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Tuesday, August 7, 2012

The Trouble With Conservatives


The division within the Republican Party has been the subject of much debate in recent years. More than ever before, patriots who once fought side by side are pitting themselves against each other in a bitter battle that has festered and grown into the currently brewing war. But the real division is deeper than just taking side between candidates, it goes to the heart of the voters.

You see, among Republicans and conservatives, there are two types of voters. There are those who take a hard line stance on principle and vote based solely on that. They have little concern for the idea of “electability” and view any vote for a less principled candidate simply because “he can win” as an unconscionable compromise.

The other type of conservative voter looks at a much bigger picture. He sees all candidates as imperfect and believes that a compromise may be necessary in order to win. He is more concerned with the perceived electability of the candidate, and is therefore more likely to be willing to concede a few issues and support a candidate who has a better chance of winning.

The real problem is not that both types of voters exist within the Republican Party – it is that we can’t get both types of voters to exist in the same people. You see, both types of voters are useful in their own ways.

The first type, the voter who sticks on principle, is absolutely vital during primaries. This type of voter culls the field and succeeds in promoting candidates who are also principled, candidates who will vote those principles once they are elected to office. Once the principle-first voter gets past the primary, however, he becomes a liability. He is the one who is likely to vote for a third party candidate that has no chance of winning, thus splitting the conservative vote and handing the election to the other side. He is equally likely to stay home and refuse to vote at all, which has a similar result. Some vote third party or stay home because they feel disenfranchised, and some do it because they want to punish the voters who were willing to compromise in the primary, saying that they "deserve what they get for not picking the right guy." Either way, the end result is a split Republican vote, and a likely loss.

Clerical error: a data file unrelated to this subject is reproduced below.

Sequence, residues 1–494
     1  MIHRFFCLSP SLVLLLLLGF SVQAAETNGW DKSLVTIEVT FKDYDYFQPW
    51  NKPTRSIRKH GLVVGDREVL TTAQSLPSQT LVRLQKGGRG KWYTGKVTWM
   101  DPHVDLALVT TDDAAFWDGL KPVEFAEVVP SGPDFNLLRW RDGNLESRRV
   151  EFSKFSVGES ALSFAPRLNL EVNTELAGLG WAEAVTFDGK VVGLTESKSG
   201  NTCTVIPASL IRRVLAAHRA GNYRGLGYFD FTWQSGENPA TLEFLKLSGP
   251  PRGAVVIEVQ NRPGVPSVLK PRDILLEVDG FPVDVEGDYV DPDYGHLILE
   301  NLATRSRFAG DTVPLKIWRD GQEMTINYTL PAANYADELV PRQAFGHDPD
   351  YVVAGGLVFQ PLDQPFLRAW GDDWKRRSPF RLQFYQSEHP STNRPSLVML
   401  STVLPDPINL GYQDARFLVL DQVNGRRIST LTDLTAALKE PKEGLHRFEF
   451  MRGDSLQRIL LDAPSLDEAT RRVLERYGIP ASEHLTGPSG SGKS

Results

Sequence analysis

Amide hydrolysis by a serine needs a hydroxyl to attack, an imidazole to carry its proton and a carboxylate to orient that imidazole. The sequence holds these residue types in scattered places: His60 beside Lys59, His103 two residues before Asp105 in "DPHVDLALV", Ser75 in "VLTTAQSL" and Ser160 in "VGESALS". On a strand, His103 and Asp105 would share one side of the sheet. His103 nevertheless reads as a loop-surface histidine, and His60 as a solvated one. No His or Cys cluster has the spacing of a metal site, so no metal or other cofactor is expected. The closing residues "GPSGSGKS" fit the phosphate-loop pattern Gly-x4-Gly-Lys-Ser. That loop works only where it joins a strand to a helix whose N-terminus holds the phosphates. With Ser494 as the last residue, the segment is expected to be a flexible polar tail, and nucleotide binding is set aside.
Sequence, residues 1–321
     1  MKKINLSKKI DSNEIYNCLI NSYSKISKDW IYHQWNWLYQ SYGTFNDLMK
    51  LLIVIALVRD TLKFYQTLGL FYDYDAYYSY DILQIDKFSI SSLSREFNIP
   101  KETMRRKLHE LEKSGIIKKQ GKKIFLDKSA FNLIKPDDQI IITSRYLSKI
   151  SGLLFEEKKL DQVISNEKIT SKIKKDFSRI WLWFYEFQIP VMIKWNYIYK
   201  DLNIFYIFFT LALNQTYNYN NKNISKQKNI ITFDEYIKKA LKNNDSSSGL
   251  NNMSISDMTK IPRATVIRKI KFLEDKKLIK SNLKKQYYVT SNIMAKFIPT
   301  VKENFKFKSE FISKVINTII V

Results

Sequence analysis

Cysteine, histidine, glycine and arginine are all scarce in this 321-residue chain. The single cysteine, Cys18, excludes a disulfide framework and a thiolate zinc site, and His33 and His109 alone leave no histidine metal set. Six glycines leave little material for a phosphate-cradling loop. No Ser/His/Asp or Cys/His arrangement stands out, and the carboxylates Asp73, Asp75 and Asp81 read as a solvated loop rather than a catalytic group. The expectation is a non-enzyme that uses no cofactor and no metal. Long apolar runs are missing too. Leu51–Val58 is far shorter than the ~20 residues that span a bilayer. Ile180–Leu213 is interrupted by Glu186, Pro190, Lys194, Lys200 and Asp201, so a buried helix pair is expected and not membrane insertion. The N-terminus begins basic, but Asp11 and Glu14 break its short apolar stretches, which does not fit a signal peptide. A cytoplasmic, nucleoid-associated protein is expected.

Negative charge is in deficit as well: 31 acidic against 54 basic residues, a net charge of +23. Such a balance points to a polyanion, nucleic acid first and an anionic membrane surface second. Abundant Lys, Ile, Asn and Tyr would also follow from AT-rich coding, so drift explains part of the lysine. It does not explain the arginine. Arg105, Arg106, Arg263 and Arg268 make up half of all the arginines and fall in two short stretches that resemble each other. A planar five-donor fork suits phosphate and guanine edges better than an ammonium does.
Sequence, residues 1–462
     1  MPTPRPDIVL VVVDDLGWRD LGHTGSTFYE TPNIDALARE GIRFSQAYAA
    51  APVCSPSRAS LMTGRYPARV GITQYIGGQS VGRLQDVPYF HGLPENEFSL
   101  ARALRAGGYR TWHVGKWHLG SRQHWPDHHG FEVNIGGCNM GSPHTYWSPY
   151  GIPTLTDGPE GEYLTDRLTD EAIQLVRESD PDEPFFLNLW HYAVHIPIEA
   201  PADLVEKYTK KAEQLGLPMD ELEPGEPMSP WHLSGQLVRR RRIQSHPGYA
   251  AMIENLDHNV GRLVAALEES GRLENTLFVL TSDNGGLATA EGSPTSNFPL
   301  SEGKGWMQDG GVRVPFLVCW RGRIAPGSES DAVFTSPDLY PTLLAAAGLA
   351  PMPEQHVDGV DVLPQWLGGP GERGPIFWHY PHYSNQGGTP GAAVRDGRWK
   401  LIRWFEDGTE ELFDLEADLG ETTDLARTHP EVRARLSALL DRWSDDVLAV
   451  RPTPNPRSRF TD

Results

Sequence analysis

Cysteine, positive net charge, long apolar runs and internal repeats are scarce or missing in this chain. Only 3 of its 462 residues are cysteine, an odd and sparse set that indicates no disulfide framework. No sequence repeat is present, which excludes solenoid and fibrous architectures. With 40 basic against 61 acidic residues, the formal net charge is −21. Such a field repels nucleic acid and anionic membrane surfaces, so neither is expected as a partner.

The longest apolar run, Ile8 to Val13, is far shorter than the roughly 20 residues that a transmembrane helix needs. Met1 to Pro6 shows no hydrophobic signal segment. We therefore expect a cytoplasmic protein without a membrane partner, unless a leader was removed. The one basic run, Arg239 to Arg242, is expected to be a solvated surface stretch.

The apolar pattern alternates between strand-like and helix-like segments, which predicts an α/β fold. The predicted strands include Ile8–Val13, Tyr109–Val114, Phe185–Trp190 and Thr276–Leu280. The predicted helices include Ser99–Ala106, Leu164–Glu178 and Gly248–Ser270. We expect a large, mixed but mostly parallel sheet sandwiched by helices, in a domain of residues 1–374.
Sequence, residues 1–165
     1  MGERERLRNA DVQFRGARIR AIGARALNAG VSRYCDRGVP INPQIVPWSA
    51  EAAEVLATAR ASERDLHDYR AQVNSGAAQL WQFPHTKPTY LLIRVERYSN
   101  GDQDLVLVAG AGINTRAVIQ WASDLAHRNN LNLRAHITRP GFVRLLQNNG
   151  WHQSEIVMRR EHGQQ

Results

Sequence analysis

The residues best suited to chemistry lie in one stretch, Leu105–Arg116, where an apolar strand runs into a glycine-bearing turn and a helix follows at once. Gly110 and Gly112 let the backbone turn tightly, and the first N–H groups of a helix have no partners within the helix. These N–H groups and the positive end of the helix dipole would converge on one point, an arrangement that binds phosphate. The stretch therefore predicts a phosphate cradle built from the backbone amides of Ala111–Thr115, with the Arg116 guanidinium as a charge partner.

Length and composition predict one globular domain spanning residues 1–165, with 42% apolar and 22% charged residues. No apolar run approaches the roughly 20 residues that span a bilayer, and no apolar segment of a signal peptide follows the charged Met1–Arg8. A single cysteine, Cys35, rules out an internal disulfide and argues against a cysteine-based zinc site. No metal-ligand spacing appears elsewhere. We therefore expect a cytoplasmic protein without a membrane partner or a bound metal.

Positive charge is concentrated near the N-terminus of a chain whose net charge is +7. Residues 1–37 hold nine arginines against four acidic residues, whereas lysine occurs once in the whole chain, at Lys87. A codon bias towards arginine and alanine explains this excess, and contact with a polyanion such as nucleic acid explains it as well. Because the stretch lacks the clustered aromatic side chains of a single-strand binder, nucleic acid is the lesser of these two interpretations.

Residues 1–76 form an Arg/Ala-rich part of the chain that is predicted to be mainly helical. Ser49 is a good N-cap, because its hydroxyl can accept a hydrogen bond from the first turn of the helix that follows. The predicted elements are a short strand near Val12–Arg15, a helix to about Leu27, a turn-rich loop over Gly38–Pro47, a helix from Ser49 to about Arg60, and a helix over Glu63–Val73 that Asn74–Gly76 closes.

The voters who focus on electability, if they begin to do so during the primary, actually become part of the reason that the general election becomes a choice of the lesser of two evils. Their tunnel-vision concerning the ultimate electability of the candidate allows them to overlook ideological shortcomings to the point that any candidate who makes it through the primary is by definition less principled. Once the general election rolls around, however, these voters become absolutely necessary. They come out in droves to do exactly what they did in the primaries – hold their noses and vote.

What we need is more voters who understand the entire process –  who are willing to stand on principle during primaries in order to ensure better candidates, but then are willing to do what it takes to win when the general election rolls around.

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